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October 19, 2012 E-MAIL PRINT Bookmark and Share

Beginning of the End

WCHA's Final Regular Season As We Know It Starts Tonight

by Kelly Erickson/CHN Reporter

It has grown into one of the most legendary and hard-hitting conferences in the nation.

When it comes the Western Collegiate Hockey Association, each year is a tough one. No one can ever expect an easy ride even against the lowliest of teams.

But this year marks its last.

“This is the year that we’re going to celebrate along with our other 11 schools in the conference,” Denver head coach George Gwozdecky said. “It’s been a great home. There’s some bittersweet feelings, without a doubt.”

Gwozdecky is one of a majority of coaches throughout the WCHA who was both a player and is currently a coach within the league. Mike Eaves of Wisconsin, North Dakota’s Dave Hakstol, Alaska Anchorage’s Dave Shyiak, Scott Sandelin of Minnesota-Duluth, Scott Owens of Colorado College, Minnesota’s Don Lucia, Mankato’s Mike Hastings, Michigan Tech's Mel Pearson, and Dean Blais of Nebraska-Omaha each have roots playing in the legendary league prior to coaching in it.

The former Wisconsin winger summed up just how uniquely fortunate the experience was and his high expectations for one of the best seasons the league has had yet.

“I’ve been on both sides as a player and a coach,” Gwozdecky said. “I’ve got great memories over the years, participating as a student athlete and a coach in the WCHA and am really looking forward to the season beginning. It’s going to be a great year. The league is going to be as competitive as it has been in quite a while. Certainly Minnesota right now, having watched them play two games against Michigan State last weekend — without a doubt they’re the odds on favorite to win the league title, but it’s going to be a heck of a race.”

For the majority of the conference, the 2012-13 season will be its last race for the MacNaughton Cup. As CC, Denver, Duluth, UNO, North Dakota, and SCSU form the National Collegiate Hockey Conference, and Minnesota and Wisconsin leave for the highly-anticipated Big Ten Hockey Conference, only four current teams will remain in a new-look WCHA — Alaska Anchorage, Bemidji State, Michigan Tech and Mankato.

Of the original seven founding members, in the 2013-14 season, Michigan Tech will be the only one that remains. While the change is bittersweet, the WCHA is used to change. After expanding to 10 teams in 1971-72, four teams left after 1980-81 to join the CCHA — three founding members in Michigan, Michigan State, Michigan Tech and the most recent addition Notre Dame.

For Hakstol, having played for and now coaching for one of the league’s founding members in 1951 (wasn’t dubbed the WCHA until 1953-54), the history of the conference isn’t lost on him. But it’s longevity has created a distinctive atmosphere in college hockey.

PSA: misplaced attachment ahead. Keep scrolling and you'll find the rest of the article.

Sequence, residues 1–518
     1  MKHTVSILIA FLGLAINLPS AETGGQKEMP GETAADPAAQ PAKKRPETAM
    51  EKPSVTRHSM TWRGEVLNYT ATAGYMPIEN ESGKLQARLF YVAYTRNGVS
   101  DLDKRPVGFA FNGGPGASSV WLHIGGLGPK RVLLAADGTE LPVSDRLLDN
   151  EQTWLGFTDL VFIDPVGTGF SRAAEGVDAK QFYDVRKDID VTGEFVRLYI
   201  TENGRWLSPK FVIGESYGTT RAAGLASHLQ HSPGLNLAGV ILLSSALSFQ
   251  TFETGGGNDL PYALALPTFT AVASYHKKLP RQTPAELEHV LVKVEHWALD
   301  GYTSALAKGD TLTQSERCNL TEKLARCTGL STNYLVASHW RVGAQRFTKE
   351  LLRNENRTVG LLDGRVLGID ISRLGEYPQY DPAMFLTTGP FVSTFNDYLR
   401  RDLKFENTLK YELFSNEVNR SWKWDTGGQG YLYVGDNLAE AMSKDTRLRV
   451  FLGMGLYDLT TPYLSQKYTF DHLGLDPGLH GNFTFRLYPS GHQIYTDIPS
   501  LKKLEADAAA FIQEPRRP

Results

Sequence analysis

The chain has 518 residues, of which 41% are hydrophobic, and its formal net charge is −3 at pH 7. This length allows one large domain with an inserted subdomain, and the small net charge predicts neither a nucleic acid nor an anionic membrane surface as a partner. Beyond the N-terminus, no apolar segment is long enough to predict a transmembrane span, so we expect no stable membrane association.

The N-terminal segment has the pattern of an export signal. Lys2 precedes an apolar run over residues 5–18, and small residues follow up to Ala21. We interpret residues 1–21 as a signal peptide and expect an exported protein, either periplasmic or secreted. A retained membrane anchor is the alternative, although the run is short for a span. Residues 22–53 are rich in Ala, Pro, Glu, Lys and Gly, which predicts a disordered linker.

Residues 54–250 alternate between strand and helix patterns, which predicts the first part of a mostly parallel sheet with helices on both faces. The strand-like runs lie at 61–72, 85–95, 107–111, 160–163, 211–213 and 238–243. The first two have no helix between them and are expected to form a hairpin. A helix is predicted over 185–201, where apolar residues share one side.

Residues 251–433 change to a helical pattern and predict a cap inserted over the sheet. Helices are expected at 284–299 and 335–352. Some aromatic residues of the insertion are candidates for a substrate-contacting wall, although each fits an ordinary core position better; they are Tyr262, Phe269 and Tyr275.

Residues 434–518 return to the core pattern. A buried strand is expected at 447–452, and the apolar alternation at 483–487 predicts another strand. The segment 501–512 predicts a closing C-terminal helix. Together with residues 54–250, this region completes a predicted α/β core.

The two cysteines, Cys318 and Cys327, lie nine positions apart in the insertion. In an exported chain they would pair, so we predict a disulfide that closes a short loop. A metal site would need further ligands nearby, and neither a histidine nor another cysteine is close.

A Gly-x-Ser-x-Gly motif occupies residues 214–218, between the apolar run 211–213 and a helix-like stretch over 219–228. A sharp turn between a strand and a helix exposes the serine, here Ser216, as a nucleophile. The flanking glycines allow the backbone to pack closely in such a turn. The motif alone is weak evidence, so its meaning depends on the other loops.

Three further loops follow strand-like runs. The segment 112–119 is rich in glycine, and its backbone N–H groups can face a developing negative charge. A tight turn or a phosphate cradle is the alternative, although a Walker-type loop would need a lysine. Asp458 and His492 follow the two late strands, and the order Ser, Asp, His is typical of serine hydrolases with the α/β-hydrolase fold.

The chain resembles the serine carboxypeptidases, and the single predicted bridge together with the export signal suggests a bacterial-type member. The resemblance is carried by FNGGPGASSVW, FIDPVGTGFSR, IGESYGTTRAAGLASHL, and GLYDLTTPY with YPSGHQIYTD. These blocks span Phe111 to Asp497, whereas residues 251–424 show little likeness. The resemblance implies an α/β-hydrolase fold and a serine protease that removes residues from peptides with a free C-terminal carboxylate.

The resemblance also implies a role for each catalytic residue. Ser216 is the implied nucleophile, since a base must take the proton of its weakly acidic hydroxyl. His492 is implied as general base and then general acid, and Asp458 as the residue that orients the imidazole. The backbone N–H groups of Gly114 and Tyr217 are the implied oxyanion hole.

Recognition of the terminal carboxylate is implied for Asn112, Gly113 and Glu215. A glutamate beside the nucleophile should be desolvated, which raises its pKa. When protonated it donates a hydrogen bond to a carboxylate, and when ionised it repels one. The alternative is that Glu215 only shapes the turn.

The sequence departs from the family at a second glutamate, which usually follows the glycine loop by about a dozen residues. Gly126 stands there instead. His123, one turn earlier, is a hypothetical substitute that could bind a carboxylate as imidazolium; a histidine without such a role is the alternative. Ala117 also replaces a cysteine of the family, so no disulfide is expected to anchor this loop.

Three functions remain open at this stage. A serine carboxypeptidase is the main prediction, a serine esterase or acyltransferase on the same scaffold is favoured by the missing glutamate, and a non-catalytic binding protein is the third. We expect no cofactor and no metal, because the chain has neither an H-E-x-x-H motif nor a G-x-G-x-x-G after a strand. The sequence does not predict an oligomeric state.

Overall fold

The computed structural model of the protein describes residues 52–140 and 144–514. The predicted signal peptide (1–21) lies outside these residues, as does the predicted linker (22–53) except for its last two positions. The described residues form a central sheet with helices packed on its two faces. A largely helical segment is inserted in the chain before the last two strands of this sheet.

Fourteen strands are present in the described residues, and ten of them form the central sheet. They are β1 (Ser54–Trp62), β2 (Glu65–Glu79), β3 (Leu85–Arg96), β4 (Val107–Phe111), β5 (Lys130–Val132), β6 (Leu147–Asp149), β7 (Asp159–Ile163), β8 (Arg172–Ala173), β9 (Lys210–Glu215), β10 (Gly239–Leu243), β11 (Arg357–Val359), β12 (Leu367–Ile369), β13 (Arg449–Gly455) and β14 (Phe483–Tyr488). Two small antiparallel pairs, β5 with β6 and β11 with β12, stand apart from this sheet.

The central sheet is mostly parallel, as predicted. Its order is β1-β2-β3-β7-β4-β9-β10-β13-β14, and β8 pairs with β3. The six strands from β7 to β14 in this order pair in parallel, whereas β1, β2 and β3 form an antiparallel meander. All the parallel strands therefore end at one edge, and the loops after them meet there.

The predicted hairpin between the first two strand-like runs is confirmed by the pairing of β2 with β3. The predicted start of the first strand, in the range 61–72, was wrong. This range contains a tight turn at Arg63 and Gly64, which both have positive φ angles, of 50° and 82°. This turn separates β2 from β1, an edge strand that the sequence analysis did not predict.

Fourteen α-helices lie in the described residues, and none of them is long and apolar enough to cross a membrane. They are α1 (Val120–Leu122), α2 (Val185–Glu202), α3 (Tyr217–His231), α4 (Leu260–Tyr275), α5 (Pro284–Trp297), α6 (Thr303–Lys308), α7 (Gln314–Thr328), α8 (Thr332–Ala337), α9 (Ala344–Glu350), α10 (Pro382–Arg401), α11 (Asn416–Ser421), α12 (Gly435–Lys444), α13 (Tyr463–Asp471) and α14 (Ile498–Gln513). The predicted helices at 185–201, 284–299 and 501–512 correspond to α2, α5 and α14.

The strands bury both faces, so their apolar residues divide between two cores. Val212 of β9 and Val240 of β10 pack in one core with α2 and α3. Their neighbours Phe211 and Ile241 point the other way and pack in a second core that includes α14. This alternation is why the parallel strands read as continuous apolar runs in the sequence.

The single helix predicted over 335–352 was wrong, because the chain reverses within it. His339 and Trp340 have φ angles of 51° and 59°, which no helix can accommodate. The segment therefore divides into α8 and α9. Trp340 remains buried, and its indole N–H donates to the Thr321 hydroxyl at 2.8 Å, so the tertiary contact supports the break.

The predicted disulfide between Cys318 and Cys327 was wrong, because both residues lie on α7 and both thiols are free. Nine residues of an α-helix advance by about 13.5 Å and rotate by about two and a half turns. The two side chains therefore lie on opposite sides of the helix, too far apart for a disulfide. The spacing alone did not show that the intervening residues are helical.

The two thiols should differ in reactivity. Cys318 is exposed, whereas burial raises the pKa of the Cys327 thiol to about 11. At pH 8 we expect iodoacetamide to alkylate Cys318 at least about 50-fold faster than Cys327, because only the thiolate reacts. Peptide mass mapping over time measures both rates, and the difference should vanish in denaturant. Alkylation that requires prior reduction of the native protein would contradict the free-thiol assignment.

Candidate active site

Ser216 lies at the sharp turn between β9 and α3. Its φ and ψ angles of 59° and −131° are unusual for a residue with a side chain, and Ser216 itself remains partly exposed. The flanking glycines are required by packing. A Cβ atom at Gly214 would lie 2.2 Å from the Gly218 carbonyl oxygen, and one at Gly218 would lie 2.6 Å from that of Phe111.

“I just go back the history and tradition of the league and the highly competitive nature of the league,” Hakstol said. “I guess it comes back to all the relationships and the rivalries around the league. Those are an awful lot of fun to be a part of both during the regular season as well as during the post season. We’re going to take it one weekend at a time.”

While Hakstol and undoubtedly many other coaches throughout the WCHA are currently keeping their gaze fixed on the upcoming weekend, that final chance at the MacNaughton Cup, the trophy that truly signifies the most consistent and toughest team in the WCHA for a given year is an alluring one.

“It’s very, very difficult to win,” Hakstol said. “If you are able to be one of the teams competing for it in the last two or three weeks of the season, it really speaks to the fact that you had a tremendous year. Obviously it’s a goal of ours to be one of the teams that hopefully a chance to compete for the MacNaughton Cup as we go down the stretch run, but there’s an awful lot of work to do before we can even start talking about that.”

Hakstol is excited about the potential his team packs this year, but then again so are a lot of teams around the WCHA. Wisconsin, for example, feels like this year could once again be its year.

Eaves and his largely more mature Badger squad are hoping to play hockey in April, but first he has his sights set on the coveted trophy.

“It’s our last chance to get a crack at the MacNaughton Cup,” Eaves said, but with playoff thoughts on his mind. “There are these intermediate goals that we try to set on the inside as a team, but we want to be playing in April, that’s the ultimate goal.”

Regardless of what overall goals teams have and their concerns about this weekend or the next, this WCHA season — which opens play this weekend with Minnesota at Michigan Tech — is a notable time not only in the conferences history but also for the players who have been a part of it.

“It’s definitely a special time,” North Dakota senior forward Corban Knight said. “The WCHA is a pretty historic league. I think everybody that’s played in it feels pretty privileged to have the chance to play in it. I think we all feel pretty lucky to be a part of it in its last year. I think it adds a little incentive for the rest of the season because you want to go out on top, especially with it being the last year. It’s going to add a lot of competition to this year and it should make for a really good year.”
 

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